To start this article I wish to channel a little of my father’s philosophy when it comes to travel. He likes to think of himself as a fiercely independent wayfarer who eschews the horrors of package travel. He also chooses his holiday destinations with a keen eye for ‘authenticity’ and places that are ‘real’. For example, it genuinely seemed to break his heart when he visited me in China and I arranged all his travel from Tianjin to Xi’an from the comfort of my couch using the internet. Using the Chinese booking sight ELong took a certain element of the joy of the trip away from him. I dread to think how he felt when he saw the several branches of Starbucks in the centre of the city and the array of tourist stores close to the Warriors themselves.
As you can probably tell from the tone of my opening to this journal, I am not 100% in line with my father’s ideas. I am of the school of thought that argues that, in the twenty-first century, you are unlikely to find the type of authenticity my father yearns for. Globalization and the internet have made finding places untouched by the outside far harder – not impossible, but far harder. If you find a Starbucks or McDonalds outside a beautiful temple or ancient castle, it is probably best just to enjoy a latte and not worry about the loss of identity.
The picture I paint may seem a little sad. For what it’s worth, I do agree to a certain extent with my father’s philosophy. And, when I see somewhere that seems full of local flavor, life and tradition, I find it best to really enjoy it. This brings me to a favorite haunt of my Dad’s: The Leeds Arms in Scarborough. He likes it because it is a wonderfully traditional English pub that is the heart of the fishing community in Scarborough and is steeped with history and tradition.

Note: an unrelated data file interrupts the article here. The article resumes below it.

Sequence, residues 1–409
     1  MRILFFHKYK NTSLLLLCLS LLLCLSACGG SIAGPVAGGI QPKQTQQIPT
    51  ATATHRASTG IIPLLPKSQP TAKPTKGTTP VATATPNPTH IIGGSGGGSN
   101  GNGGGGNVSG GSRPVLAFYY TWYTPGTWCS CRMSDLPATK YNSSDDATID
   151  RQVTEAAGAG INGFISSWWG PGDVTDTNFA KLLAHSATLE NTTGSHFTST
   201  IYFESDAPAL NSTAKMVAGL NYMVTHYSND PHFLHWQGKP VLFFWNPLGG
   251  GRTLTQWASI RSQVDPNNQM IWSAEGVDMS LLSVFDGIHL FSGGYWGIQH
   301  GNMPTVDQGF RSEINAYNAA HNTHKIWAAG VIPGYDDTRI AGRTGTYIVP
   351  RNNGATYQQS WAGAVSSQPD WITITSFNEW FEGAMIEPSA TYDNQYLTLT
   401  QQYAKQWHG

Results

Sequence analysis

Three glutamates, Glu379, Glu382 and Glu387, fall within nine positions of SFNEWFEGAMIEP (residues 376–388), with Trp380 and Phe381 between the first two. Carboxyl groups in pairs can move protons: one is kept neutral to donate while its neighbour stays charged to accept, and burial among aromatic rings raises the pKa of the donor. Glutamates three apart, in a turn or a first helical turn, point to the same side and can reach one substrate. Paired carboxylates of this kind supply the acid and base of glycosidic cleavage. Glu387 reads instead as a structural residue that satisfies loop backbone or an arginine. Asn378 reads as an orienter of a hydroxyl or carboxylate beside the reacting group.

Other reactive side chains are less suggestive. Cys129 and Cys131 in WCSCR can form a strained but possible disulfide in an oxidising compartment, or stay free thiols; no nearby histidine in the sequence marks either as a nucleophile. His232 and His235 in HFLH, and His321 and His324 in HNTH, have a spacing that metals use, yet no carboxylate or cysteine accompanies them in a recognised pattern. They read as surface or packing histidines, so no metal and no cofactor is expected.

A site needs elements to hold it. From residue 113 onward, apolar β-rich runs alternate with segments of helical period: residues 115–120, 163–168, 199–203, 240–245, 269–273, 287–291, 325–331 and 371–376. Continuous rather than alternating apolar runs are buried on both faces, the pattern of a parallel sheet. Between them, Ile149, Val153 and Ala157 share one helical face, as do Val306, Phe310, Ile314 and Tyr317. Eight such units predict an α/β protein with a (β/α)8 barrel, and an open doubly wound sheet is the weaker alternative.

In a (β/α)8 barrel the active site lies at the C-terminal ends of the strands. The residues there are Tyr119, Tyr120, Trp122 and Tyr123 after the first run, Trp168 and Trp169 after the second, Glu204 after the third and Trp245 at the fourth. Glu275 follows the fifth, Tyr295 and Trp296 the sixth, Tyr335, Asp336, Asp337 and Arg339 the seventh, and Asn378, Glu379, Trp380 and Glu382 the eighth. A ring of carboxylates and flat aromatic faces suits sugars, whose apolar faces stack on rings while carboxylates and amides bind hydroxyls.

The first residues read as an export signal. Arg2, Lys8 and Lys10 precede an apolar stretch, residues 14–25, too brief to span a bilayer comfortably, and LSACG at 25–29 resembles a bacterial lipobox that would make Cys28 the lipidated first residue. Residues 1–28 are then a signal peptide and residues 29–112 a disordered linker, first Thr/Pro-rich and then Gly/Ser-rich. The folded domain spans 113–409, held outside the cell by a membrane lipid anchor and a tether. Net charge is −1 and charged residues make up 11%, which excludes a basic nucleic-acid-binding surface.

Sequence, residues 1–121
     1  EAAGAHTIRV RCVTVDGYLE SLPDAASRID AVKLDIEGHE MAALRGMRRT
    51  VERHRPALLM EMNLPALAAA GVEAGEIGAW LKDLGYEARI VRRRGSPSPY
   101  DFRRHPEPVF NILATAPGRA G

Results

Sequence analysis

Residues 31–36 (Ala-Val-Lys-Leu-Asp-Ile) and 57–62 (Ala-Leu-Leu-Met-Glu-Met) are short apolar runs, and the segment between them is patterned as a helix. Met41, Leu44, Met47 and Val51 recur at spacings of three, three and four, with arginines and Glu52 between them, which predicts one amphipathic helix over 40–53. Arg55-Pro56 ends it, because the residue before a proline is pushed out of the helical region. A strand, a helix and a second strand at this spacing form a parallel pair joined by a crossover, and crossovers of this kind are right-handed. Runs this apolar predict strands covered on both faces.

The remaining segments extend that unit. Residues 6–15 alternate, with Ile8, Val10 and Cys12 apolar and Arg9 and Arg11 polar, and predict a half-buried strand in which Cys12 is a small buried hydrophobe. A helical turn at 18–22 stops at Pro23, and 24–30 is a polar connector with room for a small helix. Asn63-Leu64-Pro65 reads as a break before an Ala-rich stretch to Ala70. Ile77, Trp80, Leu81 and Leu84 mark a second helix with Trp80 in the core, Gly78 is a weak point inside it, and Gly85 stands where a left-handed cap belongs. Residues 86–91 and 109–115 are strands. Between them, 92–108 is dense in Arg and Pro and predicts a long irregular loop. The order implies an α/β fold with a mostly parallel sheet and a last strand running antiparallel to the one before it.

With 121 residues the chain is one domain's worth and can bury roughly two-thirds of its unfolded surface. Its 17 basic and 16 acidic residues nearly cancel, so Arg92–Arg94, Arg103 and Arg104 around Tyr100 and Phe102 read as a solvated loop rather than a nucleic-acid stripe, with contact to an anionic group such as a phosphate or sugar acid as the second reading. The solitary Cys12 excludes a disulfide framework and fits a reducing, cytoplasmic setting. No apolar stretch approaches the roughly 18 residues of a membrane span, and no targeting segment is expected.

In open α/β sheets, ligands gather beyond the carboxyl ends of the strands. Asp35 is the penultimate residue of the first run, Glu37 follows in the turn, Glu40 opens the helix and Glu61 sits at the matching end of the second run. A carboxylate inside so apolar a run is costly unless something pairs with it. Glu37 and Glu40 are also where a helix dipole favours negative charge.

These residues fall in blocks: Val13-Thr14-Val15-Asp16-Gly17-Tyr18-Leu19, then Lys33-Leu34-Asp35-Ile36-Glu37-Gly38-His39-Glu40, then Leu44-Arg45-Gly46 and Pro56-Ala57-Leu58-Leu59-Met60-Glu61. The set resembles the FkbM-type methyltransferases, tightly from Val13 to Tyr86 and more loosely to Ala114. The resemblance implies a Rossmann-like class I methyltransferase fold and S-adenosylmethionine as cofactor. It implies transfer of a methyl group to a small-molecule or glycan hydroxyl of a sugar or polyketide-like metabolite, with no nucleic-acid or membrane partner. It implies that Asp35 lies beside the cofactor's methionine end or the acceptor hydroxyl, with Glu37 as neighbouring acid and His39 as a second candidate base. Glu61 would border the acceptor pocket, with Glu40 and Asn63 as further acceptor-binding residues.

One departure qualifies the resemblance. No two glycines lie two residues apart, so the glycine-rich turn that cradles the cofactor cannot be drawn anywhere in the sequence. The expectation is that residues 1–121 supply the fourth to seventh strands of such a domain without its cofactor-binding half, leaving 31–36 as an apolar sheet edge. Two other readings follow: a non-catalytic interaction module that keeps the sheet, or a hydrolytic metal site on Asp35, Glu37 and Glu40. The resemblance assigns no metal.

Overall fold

When my girlfriend and I went to the UK to visit my family, my father was keen to take us to the Leeds Arms. If I am honest, I was not so enthused. The way I saw it, I could get a pint of beer anywhere. However, he insisted and after much persuasion, I relented and agreed to go. I was unbelievably glad that I did. Not only was I able to enjoy two or three very nice pints of beer, but I got a fantastic look into the traditional livelihood of one of England’s most interesting coastal towns.
The walls were bedecked with some genuinely interesting memorabilia. There were ship’s bells and ship’s clocks. There were stern-boards from boats as well as oars from the lifeboats and dotty boats that served the fishing trawlers. The ceiling looked as though it were made solely from deck beams of ships that had fallen out of service. There was also a great array of marine art and antique photography of the harbor and old boats. It was wonderful. The only thing that was missing was a few grizzled old seamen sat at the bar smoking heavy tobacco and spinning their yarns about the sea.